Who doesn’t love super cool hot rods?
You know, those souped-up, tricked-out cars of the past that make our roads come alive with their badassery each summer.
For long-time customer Ken Stites, a master mechanic at Ace Radiator located in Sheridan, Wyoming, hot rods have been a life-long passion. And recently, his admiration for Mesabi radiators crossed paths with his passion for hot rods when he installed a Mesabi radiator in his latest work, restoring a Chevy S-10 pick-up that he fondly calls, the Rat Rod.
By day, Stites repairs radiators on large agriculture equipment, semi-trucks, heavy-duty construction equipment and mining equipment, which means he is no stranger to powerful engines. Since 1978, he’s worked at Ace Radiator, a go-to repair shop for the area’s nearby mines, trucking firms, and farms. Ace Radiator was founded by Gail and Rose Hill in 1959. Today, the firm is owned and run by their son Mark Hill. Rose still handles the books, though, and Stites’ wife, Vicki, who also is a mechanic at Ace Radiator. Together, the four have a combined 195 years of experience.
But, by night and over the weekends, Stites spends his free time around cars. Before he got into hot rods, for many years, Stites raced stock cars in local races under No. 38.
As he got older, Stites’ passion for cars turned to hot rods, which is a community in of itself. Stites and his wife Vicki are active members of KARZ, a club of X hot rod enthusiasts in the Sheridan area.
“I remember fixing up my first car, a 1955 green Dodge pick-up. I bought it in 1974 when I was 14 years old in high school and drove it for years,” said Stites. In 2010, Stites and his wife Vicki, to whom he’s been married more than 40 years, decided to rebuild that ol’ truck and turn it into a badass hot rod.
During the two-year rebuild process, Stites struggled to find a radiator to adequately cool the modern engine that he used to replace stock six-cylinder engine.
“Having worked at Ace Radiator the past 44 years I decided to build one from scratch,” said Stites. “Since I have many years of experience working with L&M radiators, I decided to build a Mesabi radiator to fit the Dodge. Because the tubes are considerably larger than a typical automotive radiator, we decided to make it a triple pass to get better flow thru each tube. We put four rows of tubes 26 wide to fill the hole in the radiator support. On a 100-plus degree day the truck will idle with the air conditioner on at a constant 180 degrees.”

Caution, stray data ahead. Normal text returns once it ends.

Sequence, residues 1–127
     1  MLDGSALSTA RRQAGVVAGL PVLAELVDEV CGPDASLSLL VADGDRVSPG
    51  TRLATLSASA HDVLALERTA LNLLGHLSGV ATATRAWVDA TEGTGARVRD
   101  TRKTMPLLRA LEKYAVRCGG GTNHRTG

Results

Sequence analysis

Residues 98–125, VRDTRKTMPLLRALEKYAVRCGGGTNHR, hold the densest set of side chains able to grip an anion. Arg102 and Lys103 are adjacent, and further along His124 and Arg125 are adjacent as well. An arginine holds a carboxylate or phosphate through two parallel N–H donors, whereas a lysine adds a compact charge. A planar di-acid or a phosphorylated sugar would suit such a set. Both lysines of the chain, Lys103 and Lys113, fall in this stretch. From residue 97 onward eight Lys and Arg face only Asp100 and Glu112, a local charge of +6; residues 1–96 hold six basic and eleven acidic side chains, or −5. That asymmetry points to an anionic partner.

“We have won many car shows with that truck and the unique radiator is always a conversation piece,” added Stites.
Stites learned a lot in transforming that old Dodge pickup into a hot rod. When the pandemic hit, Stites realized that he needed another challenge to keep him busy. So he and Vicki acquired a Chevy S10 pickup that was headed to the salvage yard.
The couple stripped it down to the frame and decided to make a rat rod out of what they had.
Now, before we go further, we should explain a few terms: The term “hot rod” emerged during the 1940s and is used to describe a car that has been customized for performance. A “street rod” is a hot rod, but it’s built to actually be driven on streets and highways. A “rat rod” describes a car that has been built on the cheap using parts from other cars to create a street rod.
“It took Vicki and I five weeks to build our rat rod,” said Stites. “It has a 1935 Ford cab, headlights from a 1963 Chrysler Imperial sedan, a cut-down Dodge pickup box, a modern 350 hp Chevy truck engine, and a 16-gallon keg fuel tank.”
One of the highlights of the Rat Rod is its homemade Mesabi radiator. “With this radiator, we made a triple pass because of the big tube size,” said Stites. “We ran a 180-degree thermostat and the temperature has never went over that mark.”
“The Rat Rod is really fun to drive,” added Stites. “You can go down the highway at 80 miles an hour just steady as can be.”
As for his next project, Stites is working on souping up a motorcycle.
“It’s just a little hobby.”